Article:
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tender offer for Brunswick. Furthermore, Hutchinson was convicted and sentenced under that portion of 15 U.S.C. § 78ff(a) which permits only a fine as punishment when the defendant proves that he had no knowledge of the regulation he was violating.3

II

On November 28, 1983, Bar Counsel filed a petition instituting formal disciplinary proceedings against Hutchinson. Some time before that, when a copy of the misdemeanor conviction was...

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112 practice notes
  • MATTER OF ADDAMS, No. 88-867
    • United States
    • District of Columbia Court of Appeals of Columbia District
    • 6 Agosto 1990
    ...supra, 513 A.2d at 226 (imposing six months suspension for filing falsely signed court documents and lying to client); In re Hutchinson, 534 A.2d 919 (D.C. 1987) (en banc) (one-year suspension for lying to a federal law enforcement agency), our concern is that there not be an erosion of pub......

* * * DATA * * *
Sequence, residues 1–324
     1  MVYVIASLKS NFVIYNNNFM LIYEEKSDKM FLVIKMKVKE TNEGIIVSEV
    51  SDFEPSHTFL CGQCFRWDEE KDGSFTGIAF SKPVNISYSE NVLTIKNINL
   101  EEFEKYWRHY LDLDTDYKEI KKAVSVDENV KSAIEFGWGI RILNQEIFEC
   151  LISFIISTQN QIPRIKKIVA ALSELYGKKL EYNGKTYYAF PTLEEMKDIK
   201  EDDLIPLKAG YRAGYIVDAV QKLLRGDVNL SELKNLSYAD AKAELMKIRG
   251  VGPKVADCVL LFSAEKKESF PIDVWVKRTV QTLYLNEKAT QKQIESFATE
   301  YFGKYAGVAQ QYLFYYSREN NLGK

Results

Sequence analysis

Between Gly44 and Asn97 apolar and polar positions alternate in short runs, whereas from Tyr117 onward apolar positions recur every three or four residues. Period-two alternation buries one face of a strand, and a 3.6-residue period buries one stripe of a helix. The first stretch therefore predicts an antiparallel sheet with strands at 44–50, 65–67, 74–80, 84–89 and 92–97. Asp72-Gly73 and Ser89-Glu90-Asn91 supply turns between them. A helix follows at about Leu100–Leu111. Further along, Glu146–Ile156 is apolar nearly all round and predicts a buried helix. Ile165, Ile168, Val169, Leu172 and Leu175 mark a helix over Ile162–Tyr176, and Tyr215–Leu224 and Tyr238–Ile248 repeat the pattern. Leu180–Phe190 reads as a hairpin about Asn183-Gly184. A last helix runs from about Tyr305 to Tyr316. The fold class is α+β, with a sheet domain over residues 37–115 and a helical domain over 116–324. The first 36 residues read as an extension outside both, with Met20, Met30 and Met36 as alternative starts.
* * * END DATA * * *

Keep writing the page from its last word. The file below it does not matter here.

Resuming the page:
• In re McBride, No. 88-1563.
    • United States
    • District of Columbia Court of Appeals of Columbia District
    • 21 Enero 1992
    ...because he had entered a plea to an offense that did not involve moral turpitude, even though he had committed perjury, In re Hutchinson, 534 A.2d 919 (D.C.1987), or because the felony charges against him were ultimately dismissed, In re Thompson, 538 A.2d 247 (D.C. 1987). See BOARD REPORT ......
  • IN RE ABRAMS, No. 91-BG-1518
    • United States
    • District of Columbia Court of Appeals of Columbia District
    • 5 Febrero 1997
    ...the Court; but neglect was also involved. Cases involving one-year suspensions are In re Kerr, 611 A.2d 551 (D.C. 1992); In re Hutchinson, 534 A.2d 919 (D.C. 1987) (en banc) (where the lawyer gave false testimony under oath to the SEC to conceal his own illegal insider trading); In re Thomp......
  • In re Howes, No. 10–BG–938.
    • United States
    • District of Columbia Court of Appeals of Columbia District